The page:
Describe your project in detail, and in a way that you are happy to see published. Do not include any commercially sensitive information. If we award your project funding, we will publish this description. This could happen before you start your project.

Your answer can be up to 400 words long.


Describe how your project fits the scope of the competition. If your project is not in scope it will not be eligible for funding.

Your answer can be up to 400 words long.

2. Application questions

The assessors will score your answers. You will receive feedback from them for each one.

Your answer to each question can be up to 400 words long.

Question 1: What is the business opportunity that this project addresses?

Outline the business opportunity and what the project team needs to do to successfully address it within the preferred timeframe and cost.

Describe the nature of the international development challenge or issues facing you and/or your potential customers. How will the intended outputs of the project respond to these challenges and issues?

Question 2: What is the size of the market opportunity that this project might open up?

Describe the size of the market opportunities that this project might open up, including details of:

  • the current nature of the specific market or markets the project is targeting, including whether it is characterised by price competition among commoditised suppliers or dominated by a single leading firm
  • the dynamics of the market, including measuring its current size, and actual and predicted growth rates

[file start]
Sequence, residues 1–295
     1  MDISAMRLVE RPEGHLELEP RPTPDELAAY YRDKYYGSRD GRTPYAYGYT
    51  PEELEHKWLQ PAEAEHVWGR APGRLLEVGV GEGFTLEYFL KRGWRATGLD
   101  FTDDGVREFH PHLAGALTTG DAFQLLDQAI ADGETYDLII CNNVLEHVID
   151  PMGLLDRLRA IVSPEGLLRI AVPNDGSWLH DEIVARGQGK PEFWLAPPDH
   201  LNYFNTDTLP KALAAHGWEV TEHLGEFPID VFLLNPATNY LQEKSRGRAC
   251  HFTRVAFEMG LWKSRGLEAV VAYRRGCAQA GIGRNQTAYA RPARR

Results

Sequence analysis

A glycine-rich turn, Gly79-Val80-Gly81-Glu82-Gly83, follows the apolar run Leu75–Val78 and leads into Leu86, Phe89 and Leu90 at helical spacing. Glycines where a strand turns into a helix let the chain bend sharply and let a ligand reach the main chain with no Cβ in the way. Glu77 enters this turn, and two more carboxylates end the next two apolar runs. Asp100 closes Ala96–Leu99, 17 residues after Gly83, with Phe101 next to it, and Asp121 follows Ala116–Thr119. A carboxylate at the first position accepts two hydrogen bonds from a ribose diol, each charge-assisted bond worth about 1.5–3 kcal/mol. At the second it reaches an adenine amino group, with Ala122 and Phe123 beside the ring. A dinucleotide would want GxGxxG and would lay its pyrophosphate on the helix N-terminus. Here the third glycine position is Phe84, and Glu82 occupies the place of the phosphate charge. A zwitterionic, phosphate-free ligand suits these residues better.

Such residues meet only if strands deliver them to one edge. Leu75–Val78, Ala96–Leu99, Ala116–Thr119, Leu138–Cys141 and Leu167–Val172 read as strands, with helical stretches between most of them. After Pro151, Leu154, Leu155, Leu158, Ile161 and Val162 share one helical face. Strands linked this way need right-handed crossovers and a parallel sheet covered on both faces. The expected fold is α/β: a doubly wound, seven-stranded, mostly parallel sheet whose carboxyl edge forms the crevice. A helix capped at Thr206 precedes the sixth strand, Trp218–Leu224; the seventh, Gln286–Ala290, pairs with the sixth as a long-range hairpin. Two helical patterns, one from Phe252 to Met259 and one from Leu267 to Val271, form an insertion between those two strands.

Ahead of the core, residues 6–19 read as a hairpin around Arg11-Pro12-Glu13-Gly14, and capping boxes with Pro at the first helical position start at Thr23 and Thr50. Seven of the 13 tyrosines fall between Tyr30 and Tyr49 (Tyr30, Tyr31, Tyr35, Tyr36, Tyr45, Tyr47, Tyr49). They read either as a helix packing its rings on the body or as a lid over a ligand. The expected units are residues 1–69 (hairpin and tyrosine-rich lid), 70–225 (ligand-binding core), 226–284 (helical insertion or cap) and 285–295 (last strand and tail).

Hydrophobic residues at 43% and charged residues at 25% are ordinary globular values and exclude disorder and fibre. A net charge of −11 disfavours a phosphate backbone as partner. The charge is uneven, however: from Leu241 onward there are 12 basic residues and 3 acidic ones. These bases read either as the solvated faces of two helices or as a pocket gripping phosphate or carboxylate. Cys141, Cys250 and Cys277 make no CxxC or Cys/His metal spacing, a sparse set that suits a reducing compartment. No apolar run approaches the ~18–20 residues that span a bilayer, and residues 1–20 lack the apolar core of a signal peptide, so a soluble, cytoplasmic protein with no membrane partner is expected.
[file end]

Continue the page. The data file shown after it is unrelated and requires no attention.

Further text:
• the projected market share for the project outcome, with justification in the light of any potential competitors
  • the potential to add value to the economy of the developing country organisation and any secondary benefits to the UK or European Economic Area (EEA)

Describe and clearly quantify the return on investment that the project could achieve. Provide relevant source data references.

Where possible provide evidence for your statements about the target market for project outcomes. Outline your strategy for developing market share.

For highly innovative projects (see question 7) where the market may be unexplored, explain:

  • what the route to market could or might be
  • what its size might be
  • how the project will explore the market potential

Question 3: How will the results of the project be exploited and disseminated?

List or describe the potential exploitable outputs of the project such as:

  • products or services
  • processes
  • applications

Then describe how these outputs will be exploited including, where applicable:

  • the route to market
  • protection of intellectual property rights
  • reconfiguration of the value system
  • changes to business models and business processes
  • other methods of exploitation and protection
  • how they will deliver international development impact

Where it is helpful to the exchange of best practice, and is not damaging to commercial interests, we expect you to make public the results from this work. You must include a plan for the distribution of generic outputs from the funded project.

If you are a research organisation involved in a project and funded for undertaking non-economic activity provide evidence of your plans to distribute your project outputs over a reasonable timescale. The reason we require dissemination of research results is to secure wider benefit from the higher level of public support given to research organisations. For further information, please see the Innovate UK funding rules.

Question 4: Why is the project eligible for Official Development Assistance (ODA) funding?

To be eligible for DFID and GCRF funding, you must clearly explain and give evidence for why and how your project fits within scope for Official Development Assistance (ODA).